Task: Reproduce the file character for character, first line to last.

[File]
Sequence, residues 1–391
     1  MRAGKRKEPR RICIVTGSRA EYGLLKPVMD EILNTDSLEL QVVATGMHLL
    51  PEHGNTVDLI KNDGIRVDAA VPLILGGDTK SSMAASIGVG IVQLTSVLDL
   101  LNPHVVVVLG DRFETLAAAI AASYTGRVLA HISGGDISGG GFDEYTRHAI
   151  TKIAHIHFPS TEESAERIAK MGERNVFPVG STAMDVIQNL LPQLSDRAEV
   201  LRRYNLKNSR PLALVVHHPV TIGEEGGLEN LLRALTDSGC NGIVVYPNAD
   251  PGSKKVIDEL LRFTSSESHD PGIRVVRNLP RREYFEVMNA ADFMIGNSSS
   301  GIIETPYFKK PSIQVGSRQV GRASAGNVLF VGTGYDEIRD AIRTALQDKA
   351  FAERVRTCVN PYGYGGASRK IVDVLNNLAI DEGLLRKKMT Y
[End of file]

Sequence, residues 1–391
     1  MRAGKRKEPR RICIVTGSRA EYGLLKPVMD EILNTDSLEL QVVATGMHLL
    51  PEHGNTVDLI KNDGIRVDAA VPLILGGDTK SSMAASIGVG IVQLTSVLDL
   101  LNPHVVVVLG DRFETLAAAI AASYTGRVLA HISGGDISGG GFDEYTRHAI
   151  TKIAHIHFPS TEESAERIAK MGERNVFPVG STAMDVIQNL LPQLSDRAEV
   201  LRRYNLKNSR PLALVVHHPV TIGEEGGLEN LLRALTDSGC NGIVVYPNAD
   251  PGSKKVIDEL LRFTSSESHD PGIRVVRNLP RREYFEVMNA ADFMIGNSSS
   301  GIIETPYFKK PSIQVGSRQV GRASAGNVLF VGTGYDEIRD AIRTALQDKA
   351  FAERVRTCVN PYGYGGASRK IVDVLNNLAI DEGLLRKKMT Y